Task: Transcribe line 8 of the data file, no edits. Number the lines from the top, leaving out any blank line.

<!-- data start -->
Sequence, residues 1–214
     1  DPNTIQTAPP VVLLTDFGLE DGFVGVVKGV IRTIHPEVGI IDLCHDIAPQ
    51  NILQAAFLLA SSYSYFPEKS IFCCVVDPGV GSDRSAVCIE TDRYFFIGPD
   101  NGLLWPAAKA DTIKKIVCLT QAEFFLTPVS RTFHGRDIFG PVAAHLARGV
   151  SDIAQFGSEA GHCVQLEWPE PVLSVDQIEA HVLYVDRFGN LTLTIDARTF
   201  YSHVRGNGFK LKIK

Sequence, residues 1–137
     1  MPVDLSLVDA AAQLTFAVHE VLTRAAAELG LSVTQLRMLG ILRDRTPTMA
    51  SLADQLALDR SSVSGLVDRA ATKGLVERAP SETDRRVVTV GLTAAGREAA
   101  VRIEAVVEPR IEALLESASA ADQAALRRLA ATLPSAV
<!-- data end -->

     1  MPVDLSLVDA AAQLTFAVHE VLTRAAAELG LSVTQLRMLG ILRDRTPTMA